I'd also like to address the statement made that it it locality keepers who drive the market for wild-collected herps. I'm not sure how to begin explaining how incredibly misinformed that supposition is. There are hundreds of thousands of reptiles and amphibians brought into this country every year. Virtually NONE have ANY collection data other than, potentially, country of origin. Even that is often suspect. Contrast that with the comparatively few herps collected in the US with locality data, and the difference is striking.


I bet you'd be truly surprised to learn that some of the staunchest "locality" herp keepers are prominent members of your local, state, and federal wildlife regulatory bodies and/or well-known conservation advocates. Seriously - I bet you know some of them. Also, you might be interested to know that many "locality" herp keepers donate funds to (i.e.; support) conservation and research organizations, such as the IRCF and Orianne Society - an organization which I suspect you're familiar with...

Alright, I'm out.
-Cole

Cole ok so from what you're saying most locale keepers are borderline angelic; in fact most of you are probably in church right now as I write this lol. So ironic coming from someone that keeps/collects wild stock, huh..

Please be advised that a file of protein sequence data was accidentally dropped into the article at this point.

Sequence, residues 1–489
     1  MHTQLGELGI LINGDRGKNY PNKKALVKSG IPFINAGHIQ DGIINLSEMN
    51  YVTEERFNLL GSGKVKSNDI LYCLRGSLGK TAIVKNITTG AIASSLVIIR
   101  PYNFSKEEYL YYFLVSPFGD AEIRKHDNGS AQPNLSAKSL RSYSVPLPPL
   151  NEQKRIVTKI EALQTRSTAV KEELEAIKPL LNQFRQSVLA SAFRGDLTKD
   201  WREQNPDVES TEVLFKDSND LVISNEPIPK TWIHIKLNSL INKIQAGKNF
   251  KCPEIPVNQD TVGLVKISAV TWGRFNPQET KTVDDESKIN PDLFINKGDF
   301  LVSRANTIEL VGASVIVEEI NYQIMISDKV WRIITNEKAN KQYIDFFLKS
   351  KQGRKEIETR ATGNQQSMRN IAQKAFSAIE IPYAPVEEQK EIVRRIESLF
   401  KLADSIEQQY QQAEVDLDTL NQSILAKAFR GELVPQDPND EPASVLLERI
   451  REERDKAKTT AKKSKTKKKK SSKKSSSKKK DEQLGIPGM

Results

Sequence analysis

The locale hard-on folks I know, make one or more trips a year to wherever for 'new bloodlines'. Of course they try to target the states with no laws or the least restrictive laws, and most come back with as much as they can bag of all their target species.


And Cole you DO live in the middle of nowhere so maybe you can’t really comment on this east coast stuff (re: where these herps were bagged and the encroachment of step-apes on their shrinking habitat). So before you completely write off collection effects on herp populations, read up on the history of the Timber rattler. Or learn something about the pine barrens- it sits right between Philly and atlantic city- the kind of places that cause people to move to Montana.